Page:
Photo by Bob Leal.
KINGMAN – Before a standing-room-only crowd of around 60 people at the council chambers, City Council members heard caustic comments about the management at the Kingman Airport and the perceived lack of productivity there.
At the three-and-a-half hour meeting’s end, a “petition for action” signed by citizens was given to the council by Paul Gaines, who has been involved in aviation for 35 years and has a business at the airport. Gaines is a member of the Kingman Airport Users Group.
The words “diamond in the rough” and “potential” bounced around like a pinball by those describing the airport facility, which was originally Kingman Army Airfield, established as a training base for Army Air Force aerial gunners during World War II.
But then disdainful comments rained down heavily on the management of the airport.
“Our airport is stuck in the last century,” said Jill Gernetzke, who said she was a pilot, a Federal Aviation Administration-certified mechanic and inspector, a former air show performer and owner of a small, global aviation business.
Gernetzke said the terminal was in “sorry” shape and other facilities were in disrepair. She came to the airport in 2005 because of its proximity to Las Vegas and Interstate 40 as well as the affordability of the area.
But since that time, Gernetzke told the council she has seen many businesses go away to “more welcoming” facilities, including Aero-Flite, whom Gernetzke characterized as one of the highest-paying employers in the area. She said she knew of only one business that set up business during that time.
Gaines said KAUG was formed to affect positive change at the airport, which he called the largest single asset owned by the city. He said he has spoken to other municipalities and that they would love to have a facility similar to Kingman’s.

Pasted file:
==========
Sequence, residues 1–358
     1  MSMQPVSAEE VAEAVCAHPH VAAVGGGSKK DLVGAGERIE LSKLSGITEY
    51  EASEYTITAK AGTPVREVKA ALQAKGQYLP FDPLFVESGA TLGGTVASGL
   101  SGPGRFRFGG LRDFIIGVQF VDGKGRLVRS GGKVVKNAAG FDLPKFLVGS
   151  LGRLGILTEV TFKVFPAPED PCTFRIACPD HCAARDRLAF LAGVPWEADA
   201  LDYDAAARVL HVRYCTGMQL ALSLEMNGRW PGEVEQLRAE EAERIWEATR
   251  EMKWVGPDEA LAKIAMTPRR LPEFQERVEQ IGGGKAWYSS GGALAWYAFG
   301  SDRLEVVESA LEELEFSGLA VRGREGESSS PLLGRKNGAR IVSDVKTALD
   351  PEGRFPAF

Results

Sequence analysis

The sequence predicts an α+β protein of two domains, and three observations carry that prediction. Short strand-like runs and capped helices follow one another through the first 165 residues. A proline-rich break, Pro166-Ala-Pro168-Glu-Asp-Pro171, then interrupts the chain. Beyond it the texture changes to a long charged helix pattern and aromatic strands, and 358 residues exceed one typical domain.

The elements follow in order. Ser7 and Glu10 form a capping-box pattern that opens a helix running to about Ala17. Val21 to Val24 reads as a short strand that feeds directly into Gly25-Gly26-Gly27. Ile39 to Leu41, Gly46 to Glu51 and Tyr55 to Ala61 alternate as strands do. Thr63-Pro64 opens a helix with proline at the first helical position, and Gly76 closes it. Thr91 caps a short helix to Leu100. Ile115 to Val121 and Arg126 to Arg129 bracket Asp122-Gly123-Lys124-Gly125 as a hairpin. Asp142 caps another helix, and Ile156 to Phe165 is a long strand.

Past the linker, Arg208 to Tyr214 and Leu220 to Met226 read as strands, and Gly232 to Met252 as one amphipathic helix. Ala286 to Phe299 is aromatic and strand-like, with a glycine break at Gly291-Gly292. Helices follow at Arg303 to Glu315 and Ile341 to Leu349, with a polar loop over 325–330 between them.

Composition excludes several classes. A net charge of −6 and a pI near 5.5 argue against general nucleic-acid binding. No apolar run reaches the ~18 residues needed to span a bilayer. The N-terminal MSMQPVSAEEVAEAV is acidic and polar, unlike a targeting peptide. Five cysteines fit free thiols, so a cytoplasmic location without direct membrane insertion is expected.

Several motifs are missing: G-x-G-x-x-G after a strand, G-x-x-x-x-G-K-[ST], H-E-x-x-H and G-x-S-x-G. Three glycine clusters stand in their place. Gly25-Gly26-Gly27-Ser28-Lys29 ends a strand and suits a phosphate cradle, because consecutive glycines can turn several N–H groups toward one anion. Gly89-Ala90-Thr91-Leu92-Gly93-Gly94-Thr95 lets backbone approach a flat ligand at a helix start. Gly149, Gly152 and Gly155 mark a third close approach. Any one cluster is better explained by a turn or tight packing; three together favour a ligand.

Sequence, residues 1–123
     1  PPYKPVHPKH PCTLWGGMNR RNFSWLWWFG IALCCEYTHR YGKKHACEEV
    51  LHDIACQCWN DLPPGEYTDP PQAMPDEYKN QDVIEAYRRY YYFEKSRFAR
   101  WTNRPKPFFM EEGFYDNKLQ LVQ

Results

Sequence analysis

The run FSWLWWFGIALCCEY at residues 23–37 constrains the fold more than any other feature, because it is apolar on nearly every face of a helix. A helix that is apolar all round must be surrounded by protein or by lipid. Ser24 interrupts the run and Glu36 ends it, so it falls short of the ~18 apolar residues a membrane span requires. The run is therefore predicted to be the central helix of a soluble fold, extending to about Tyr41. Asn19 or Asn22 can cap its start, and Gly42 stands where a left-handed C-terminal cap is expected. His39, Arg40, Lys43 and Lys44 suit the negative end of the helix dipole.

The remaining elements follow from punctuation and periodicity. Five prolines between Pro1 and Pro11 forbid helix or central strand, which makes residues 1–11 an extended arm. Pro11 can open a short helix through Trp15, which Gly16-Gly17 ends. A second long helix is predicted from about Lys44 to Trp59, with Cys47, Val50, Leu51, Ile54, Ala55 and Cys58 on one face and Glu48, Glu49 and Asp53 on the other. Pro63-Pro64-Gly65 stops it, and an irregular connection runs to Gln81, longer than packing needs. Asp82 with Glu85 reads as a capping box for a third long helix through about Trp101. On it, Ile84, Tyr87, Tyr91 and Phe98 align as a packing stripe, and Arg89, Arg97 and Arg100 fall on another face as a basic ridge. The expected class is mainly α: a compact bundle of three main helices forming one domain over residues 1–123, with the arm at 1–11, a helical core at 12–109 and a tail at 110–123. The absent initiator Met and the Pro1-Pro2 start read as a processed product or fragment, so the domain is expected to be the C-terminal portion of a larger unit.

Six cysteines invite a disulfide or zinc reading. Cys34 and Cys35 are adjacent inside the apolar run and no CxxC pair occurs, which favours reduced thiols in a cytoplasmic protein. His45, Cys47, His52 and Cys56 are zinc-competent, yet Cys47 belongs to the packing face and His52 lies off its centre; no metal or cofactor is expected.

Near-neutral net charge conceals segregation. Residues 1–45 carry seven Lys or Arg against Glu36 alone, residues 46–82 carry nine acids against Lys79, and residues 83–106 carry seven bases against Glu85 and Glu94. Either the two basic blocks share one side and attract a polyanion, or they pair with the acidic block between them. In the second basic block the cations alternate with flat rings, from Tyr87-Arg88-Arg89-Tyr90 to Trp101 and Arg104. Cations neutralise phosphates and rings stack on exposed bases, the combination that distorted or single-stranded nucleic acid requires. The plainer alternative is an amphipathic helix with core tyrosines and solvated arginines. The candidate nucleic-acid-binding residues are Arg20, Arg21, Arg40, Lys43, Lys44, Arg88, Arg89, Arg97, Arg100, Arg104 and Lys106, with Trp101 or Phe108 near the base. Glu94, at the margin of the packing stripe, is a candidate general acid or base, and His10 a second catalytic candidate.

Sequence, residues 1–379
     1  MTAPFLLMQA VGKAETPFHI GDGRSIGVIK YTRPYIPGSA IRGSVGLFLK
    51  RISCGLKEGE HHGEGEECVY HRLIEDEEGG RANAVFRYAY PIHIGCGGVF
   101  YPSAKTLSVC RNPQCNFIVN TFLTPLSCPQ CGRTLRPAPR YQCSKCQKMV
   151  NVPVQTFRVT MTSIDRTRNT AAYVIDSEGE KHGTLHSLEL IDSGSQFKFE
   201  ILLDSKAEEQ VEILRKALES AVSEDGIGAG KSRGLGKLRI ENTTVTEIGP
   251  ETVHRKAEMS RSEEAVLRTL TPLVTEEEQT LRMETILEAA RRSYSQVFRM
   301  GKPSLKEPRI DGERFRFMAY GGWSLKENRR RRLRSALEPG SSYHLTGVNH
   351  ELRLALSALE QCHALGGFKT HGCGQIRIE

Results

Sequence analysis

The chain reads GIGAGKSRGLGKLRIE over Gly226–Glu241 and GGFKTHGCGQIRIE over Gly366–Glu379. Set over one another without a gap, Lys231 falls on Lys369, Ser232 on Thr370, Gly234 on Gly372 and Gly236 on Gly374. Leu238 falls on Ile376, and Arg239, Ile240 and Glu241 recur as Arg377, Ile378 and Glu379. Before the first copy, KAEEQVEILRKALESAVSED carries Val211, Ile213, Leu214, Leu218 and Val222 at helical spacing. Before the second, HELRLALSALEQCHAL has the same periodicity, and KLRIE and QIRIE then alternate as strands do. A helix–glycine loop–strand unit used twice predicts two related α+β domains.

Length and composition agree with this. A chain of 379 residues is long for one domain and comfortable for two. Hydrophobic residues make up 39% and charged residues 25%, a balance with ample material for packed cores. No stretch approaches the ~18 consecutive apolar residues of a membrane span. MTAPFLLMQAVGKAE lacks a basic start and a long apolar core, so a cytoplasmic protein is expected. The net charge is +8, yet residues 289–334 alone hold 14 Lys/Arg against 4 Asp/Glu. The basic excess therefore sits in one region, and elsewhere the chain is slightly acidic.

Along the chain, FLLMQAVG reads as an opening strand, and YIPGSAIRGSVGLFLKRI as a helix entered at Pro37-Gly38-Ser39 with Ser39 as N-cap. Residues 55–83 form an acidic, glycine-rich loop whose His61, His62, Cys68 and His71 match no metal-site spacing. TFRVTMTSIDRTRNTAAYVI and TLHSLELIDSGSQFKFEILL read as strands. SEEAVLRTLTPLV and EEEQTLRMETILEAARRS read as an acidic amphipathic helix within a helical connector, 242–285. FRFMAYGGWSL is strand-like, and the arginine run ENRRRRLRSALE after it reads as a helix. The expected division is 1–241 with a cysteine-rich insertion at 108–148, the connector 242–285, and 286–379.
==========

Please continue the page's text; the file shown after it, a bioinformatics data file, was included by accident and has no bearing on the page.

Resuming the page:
He said the airport was in a “stagnant situation” and KAUG has “no confidence” in its management.
Gernetzke said people have basically thrown in the towel over the problems, and she attributed many of the airport’s problems to Dave French, the executive director of the nonprofit Kingman Airport Authority. French was not at the meeting.
The Daily Miner called French at the KAA on Wednesday, but was told he was at a hospital board meeting.
The Daily Miner also called Bob Riley, the KAA director of economic development, asking for a comment.
“I’m not going to comment. I wasn’t there,” said Riley.
The KAA attorney, Jeff Goldberg, did attend, and answered questions about all the negativity.
He said the notion that the KAA is not transparent was just not true. Goldberg said there wasn’t a magic wand to wave to bring in development and the KAA was doing its best.
“I’m not saying it can’t be improved,” said Goldberg.
Councilman Stuart Yocum asked why French or Riley weren’t at the meeting. That comment drew cheers from those in attendance.
Bill Abbott, a former KAA board member, attributed most of the problems to French’s inability to get along with others. He said when speaking to others, French drops F-bombs on everybody – customers, pilots, visitors and business owners.
Abbott said he couldn’t find anyone with a positive thing to say about French.
One of Abbott’s stories of French drew gasps from those in attendance. Abbott said French told him the electric automaker Tesla was inquiring about property under the authority of the KAA and French told Tesla he wasn’t interested in it locating any of it operations here.
Abbott told the Council he was self-made from his business “since 1964” and that he never conducted himself with customers or potential customers the way French does.
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